While her husband presided over his court and his lands with an absolute justice, the noble wife had the duty to bring clemency and mercy to those judgments by interceding with her husband. This allowed the king to mete out leniency without jeopardizing his iron authority.

The noble wife’s next task was to secure her husband’s borders and lands while he was away at war or on a crusade. Although her husband had taken over the rule of whatever lands she brought in her dowry, she was his deputy when he was gone or unable to rule. Margaret of Anjou, married to a simpleton, Henry VI of England, had a more difficult task. She fought from 1444 until 1471 to keep control of Henry’s realm in the king’s name. While she was ultimately defeated by the Duke of York and imprisoned, she embodies the struggles to ensure a dynastic line that was the heart of marriage in medieval England.

The final task a noble wife faced was securing and holding her eldest son’s territory for him while he was yet a minor. The fact that Matilda, the daughter of Henry I, was able to negotiate a settlement with Stephen whereby her son Henry II would succeed him proves tenacious women could protect their children’s claim to the throne. However, Margaret of Anjou’s life as a queen reflects the other side. After years of protecting her husband and son, she was unable to defeat the Duke of York. With Henry VI in his possession, the Duke of York waited until he pinned Margaret and her son down when they landed in England in 1471. Prince Edward was killed in the engagement, Margaret was taken prisoner, and Henry died the next day. Margaret lost the battle to save the Lancastrian inheritance of England for her son.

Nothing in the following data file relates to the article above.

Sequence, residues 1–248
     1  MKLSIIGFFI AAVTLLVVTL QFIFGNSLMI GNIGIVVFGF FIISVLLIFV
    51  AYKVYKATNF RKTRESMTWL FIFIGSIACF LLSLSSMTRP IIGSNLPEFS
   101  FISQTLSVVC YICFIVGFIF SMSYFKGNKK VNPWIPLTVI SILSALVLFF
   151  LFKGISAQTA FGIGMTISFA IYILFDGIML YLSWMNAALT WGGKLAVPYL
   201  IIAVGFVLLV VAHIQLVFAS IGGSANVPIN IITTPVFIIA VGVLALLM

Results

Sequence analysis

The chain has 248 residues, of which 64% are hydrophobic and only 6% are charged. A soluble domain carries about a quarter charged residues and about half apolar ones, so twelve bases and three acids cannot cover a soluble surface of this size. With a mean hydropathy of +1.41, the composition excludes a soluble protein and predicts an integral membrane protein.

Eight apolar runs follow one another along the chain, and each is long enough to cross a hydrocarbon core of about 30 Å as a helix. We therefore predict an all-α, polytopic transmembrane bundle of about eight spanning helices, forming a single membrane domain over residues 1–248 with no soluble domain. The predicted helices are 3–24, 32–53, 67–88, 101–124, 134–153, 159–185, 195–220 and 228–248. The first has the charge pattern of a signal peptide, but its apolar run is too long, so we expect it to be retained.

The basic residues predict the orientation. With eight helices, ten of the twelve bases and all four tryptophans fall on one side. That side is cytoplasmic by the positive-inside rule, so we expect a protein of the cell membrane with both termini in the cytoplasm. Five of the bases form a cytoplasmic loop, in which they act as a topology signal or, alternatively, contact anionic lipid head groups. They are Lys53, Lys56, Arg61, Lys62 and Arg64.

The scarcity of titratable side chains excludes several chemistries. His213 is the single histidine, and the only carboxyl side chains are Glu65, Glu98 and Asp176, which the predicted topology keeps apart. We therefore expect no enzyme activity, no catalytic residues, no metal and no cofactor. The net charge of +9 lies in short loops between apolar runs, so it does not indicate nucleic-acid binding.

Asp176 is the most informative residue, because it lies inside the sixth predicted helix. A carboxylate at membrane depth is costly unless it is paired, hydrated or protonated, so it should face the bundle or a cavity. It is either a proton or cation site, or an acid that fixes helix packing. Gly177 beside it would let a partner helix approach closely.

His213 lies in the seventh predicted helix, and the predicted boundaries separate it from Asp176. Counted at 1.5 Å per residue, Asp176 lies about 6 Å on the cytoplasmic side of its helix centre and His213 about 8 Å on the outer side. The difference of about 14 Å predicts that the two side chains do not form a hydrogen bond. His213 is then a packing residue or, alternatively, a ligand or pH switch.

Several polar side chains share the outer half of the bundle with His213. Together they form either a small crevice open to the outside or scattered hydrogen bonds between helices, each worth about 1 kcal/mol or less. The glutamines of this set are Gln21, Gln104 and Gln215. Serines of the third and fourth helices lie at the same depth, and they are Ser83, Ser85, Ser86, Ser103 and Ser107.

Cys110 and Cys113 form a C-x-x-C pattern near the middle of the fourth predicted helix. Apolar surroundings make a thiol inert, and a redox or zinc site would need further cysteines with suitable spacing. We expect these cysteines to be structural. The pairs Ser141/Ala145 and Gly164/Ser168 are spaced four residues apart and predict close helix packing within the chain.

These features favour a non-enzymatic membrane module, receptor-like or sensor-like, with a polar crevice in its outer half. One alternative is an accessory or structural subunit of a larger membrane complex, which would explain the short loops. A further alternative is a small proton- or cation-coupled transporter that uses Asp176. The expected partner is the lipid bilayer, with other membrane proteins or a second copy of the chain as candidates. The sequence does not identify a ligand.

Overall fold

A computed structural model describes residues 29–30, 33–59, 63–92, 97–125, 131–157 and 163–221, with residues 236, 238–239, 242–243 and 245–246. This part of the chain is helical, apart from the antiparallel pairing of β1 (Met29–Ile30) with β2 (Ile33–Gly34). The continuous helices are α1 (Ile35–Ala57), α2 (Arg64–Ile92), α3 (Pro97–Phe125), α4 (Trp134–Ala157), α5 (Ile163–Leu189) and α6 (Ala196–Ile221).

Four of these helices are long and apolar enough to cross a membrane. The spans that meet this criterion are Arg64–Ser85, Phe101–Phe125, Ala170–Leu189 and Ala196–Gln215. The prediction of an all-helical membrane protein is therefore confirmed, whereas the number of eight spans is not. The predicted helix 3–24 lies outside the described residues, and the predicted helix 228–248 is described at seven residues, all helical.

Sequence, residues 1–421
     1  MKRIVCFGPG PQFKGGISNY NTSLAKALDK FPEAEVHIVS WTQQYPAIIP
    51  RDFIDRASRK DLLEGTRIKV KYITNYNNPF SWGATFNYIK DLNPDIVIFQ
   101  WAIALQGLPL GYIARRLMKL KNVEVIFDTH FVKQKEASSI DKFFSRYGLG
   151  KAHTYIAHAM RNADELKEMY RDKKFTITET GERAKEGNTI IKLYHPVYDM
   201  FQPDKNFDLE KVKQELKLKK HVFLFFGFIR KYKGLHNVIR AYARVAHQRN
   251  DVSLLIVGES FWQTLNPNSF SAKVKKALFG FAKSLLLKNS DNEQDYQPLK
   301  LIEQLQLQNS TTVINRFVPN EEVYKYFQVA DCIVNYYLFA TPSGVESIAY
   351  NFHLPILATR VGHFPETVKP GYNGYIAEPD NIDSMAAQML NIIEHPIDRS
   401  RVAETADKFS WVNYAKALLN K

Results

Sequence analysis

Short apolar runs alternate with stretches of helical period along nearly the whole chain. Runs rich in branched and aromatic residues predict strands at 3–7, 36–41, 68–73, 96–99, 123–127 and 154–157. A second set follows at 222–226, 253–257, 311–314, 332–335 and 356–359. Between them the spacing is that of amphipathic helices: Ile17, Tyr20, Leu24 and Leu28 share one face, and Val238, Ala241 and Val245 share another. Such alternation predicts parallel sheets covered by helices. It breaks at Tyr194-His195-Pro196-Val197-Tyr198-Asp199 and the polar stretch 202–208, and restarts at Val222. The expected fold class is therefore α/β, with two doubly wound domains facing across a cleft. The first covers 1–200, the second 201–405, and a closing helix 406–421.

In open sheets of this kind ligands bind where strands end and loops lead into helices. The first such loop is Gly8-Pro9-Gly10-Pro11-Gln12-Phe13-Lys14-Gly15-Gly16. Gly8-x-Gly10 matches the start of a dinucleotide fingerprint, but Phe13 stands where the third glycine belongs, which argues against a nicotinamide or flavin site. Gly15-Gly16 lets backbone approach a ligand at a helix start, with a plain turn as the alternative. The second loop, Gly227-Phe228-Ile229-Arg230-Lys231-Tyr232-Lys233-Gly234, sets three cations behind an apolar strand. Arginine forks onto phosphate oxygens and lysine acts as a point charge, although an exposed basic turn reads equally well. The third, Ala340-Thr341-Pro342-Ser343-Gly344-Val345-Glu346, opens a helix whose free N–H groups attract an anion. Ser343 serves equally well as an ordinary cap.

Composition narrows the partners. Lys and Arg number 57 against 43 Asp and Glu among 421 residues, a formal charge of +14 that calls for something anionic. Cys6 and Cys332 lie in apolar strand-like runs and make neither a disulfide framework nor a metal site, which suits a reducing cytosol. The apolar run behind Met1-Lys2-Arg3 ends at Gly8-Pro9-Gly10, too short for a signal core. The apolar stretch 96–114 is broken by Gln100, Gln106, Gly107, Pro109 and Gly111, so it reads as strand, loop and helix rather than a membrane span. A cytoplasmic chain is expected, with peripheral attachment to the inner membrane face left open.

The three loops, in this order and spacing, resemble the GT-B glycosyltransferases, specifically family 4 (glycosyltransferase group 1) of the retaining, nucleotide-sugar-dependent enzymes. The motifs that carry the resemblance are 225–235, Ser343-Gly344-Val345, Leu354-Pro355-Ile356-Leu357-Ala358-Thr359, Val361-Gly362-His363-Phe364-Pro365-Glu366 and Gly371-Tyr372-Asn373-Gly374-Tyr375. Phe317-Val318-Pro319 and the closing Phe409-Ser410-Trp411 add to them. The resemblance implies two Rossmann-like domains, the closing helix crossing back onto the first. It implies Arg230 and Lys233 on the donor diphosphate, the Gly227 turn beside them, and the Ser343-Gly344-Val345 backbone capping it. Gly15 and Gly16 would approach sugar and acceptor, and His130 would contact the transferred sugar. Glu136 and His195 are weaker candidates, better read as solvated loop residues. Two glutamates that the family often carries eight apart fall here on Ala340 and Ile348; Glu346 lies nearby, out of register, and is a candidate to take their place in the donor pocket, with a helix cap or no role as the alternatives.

A love match simply wasn’t part of the medieval calculated marriages. As a modern romance writer with modern views on marriage, the actions of the medieval lords against their wives leaves me with plenty of fodder for the two wives my fictitious first Earl of Ryne. There are plenty of indignities that would motivate a woman, or in my case two women, to haunt his castle for five centuries in Wanted Ghostbusting Bride.

For further information about royal brides of medieval England and the politics that swirled about them, read She-Wolves: The Women Who Ruled England Before Elizabeth by Helen Castor.

Who are the four She-Wolves Helen Castor writes about? Hint (Visit my website for the answer)

Margaret Breashears

www.wantedghostbustingbride.com

2 comments:

Angelyn said...

Great post! Medieval marriages are fascinating. My favorite example is King John's marriage to Isabella of Angouleme. He went to a lot of trouble to get her--I read somewhere that contemporary chroniclers complained that once they married it seemed the king was chained to her bed!

Anna Kathryn Lanier said...

Wonderful post. Thanks for sharing the information.